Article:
Undoubtedly, extractive industries have emerged as a powerful engine of economic growth and inclusive sustainable development. However, mining in Southern Africa has often been criticised as an enclave sector that at best contributes little to economic development and at worst does substantial social and environmental harm[3]. Like the rest of Africa, Southern Africa suffer from the same malaise, that is, the paradox of plenty, where abundant endowments of natural resources, including minerals, are not translated into equivalent levels of prosperity, broad based development and resource based industrialisation.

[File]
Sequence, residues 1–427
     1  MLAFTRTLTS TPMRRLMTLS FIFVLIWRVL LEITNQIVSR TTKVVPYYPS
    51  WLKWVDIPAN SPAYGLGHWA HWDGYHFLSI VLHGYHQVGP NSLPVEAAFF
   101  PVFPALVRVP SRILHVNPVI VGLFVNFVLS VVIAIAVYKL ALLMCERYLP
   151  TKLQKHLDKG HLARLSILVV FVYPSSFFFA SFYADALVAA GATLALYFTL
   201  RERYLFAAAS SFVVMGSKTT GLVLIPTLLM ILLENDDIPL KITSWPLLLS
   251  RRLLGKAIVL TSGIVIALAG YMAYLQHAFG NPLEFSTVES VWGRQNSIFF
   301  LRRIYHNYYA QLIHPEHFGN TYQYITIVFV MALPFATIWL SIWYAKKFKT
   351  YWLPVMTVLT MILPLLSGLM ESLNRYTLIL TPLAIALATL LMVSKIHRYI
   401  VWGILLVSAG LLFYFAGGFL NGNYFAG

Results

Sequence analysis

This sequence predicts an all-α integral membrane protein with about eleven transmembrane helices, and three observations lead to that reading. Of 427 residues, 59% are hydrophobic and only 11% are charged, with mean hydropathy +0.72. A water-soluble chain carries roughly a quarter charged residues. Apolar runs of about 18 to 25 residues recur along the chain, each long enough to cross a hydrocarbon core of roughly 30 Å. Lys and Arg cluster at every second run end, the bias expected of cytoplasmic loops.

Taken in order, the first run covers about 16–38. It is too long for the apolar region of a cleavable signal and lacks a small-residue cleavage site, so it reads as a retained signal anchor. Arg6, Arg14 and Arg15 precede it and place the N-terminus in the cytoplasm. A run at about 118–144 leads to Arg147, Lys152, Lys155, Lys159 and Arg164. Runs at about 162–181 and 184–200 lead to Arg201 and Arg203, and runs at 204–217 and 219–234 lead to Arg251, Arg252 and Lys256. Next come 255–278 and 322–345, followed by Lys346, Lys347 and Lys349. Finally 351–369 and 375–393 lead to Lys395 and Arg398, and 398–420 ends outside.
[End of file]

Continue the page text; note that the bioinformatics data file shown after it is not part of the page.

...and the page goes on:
One key obstacle preventing Southern African countries from realizing this potential is weak governance. Lack of strong institutions and weak policies aimed at short-term gains rather than at long-term development objectives and easy access to revenues make governments less accountable and more likely to preserve the interests of the minority governing elite with limited benefits for the population[4]. The level of poverty in most resource-rich countries in Southern Africa has not been reduced, as predictions based on their economic growth performance would suggest. Cases in point, most resource rich Southern African countries have some of the largest gaps between income and human development  as  reported  in  the  United  Nations Development Programme’s Human Development Index (HDI)[5].